Essentially, Thomas, Harris and McGeary take differing views on how to interpret the silence. McGeary takes the view that homosexuality and sodomy were sufficiently written about for the subject to appear in the written record if Handel was suspected. Thomas and Harris argue for the possibility of life separate and apart, even to the extent of marriage not counting in the argument. In this context it is important to remember that most men indulged, if at all, in homosexual acts in the context of an heterosexual identity. Few were brave enough to live out lives with an homosexual identity; though some did and we have quite a bit of evidence of the subculture of Molly Houses in London in the 1720's.

And here is the problem, quite how much do we read into the silence? McGeary in his article is clearly intolerant of Thomas and Harris's arguments and feels that they are doing too much special pleading.

In this context, I must bring in a little of my own experience from living in Scotland in the 1970's when homosexuality was illegal, often prosecuted but there was a lively gay sub-culture which was written about. I have friends from the time who were quite open and whose gay identity is probably clear from the written record. But I had other friends about whom the written record would probably be completely silent but who were equally gay they just lived their gay life under the radar.

3rd Earl of Burlington
Earl of Burlington
All this means, that we can't make a definitive statement about Handel from this aspect of the written record. The other informative aspect is the social milieu in which he acted. This issue of social milieu has very much informed current thinking about Schubert's sexuality. The written record is equally tantalising for Schubert but he lived much of his live in an all male, homosocial environment which can be very telling.

Unfortunately, Handel didn't. Both Thomas and Harris assume that Handel's initial stay in London, when he was under the patronage of the Earl of Burlington, placed him in some sort of homosocial milieu based around the Earl. Despite some effective pleading from Harris and Thomas, I have to accept McGeary's arguments that the coterie around the Earl of Burlington was not homosocial. Tempting as it is to suspect the relationship between the Earl of Burlington and William Kent, there does seem to be nothing at all to support it. And McGeary gives a great deal of detail supporting quite the opposite.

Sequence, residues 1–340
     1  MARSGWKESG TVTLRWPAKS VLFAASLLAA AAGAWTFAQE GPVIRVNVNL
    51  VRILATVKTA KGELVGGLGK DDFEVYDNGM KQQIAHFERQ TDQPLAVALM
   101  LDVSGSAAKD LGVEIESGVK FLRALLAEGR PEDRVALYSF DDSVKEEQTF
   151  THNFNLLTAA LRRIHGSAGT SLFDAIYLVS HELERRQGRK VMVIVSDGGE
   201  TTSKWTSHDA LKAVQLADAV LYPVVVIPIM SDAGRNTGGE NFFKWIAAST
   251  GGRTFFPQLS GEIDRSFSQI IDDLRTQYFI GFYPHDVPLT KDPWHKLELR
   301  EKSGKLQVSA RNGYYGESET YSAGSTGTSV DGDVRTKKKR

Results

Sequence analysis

So where does this leave us?

Before I finish, I want to give another telling story. In the 1970's I had a biography of Sir Arthur Sullivan. It was a very reputable book, and regarding Sullivan's sexuality the author had to admit that the record was blank and he even went so far as to comment on the homosocial nature of many of Sullivan's relationships. Since then, the code in Sullivan's diaries has been decoded and it becomes apparent that Sullivan had a long and secret relationship with a married woman. So the written record can deceive.

I don't think that it is deceiving us about Handel. I am still worried about the tone of McGeary's article. He seems too keen and eager to prove that Handel could not be gay, as if that mattered to him. (But then as a gay man and musicologist, perhaps Thomas was keen in the other direction). A contributory factor in my thinking has always been Handel's writing for his female characters, notably what Winton Dean called the 'sex kitten' roles (Cleopatra, Poppea, Atalanta etc). Here Handel seems far closer to Puccini (who habitually fell in love with his heroines) than with Tchaikovsky (who identified with his).

Of course, McGeary's arguments only apply to Handel in London. We still have Harris's persuasive arguments on Handel's relationships with his patrons in Italy. Here we have to remember that the young and attractive Handel (yes, he was attractive as a young man) is making his way in a new world full of older patrons, some of whom may have had a clear attraction to him. I rather suspect Handel was what some of my older gay friends would call a naughty boy, a young heterosexual man who has no qualms about flirting with older gay men and teasing them perhaps, but going no further.

Despite Thomas McGeary's desire to be definitive, I think the issue of Handel's sexuality will continue to fascinate. Certainly, for anyone interested in the issue his article makes interesting and essential readings. It is available on-line direct from the publishers.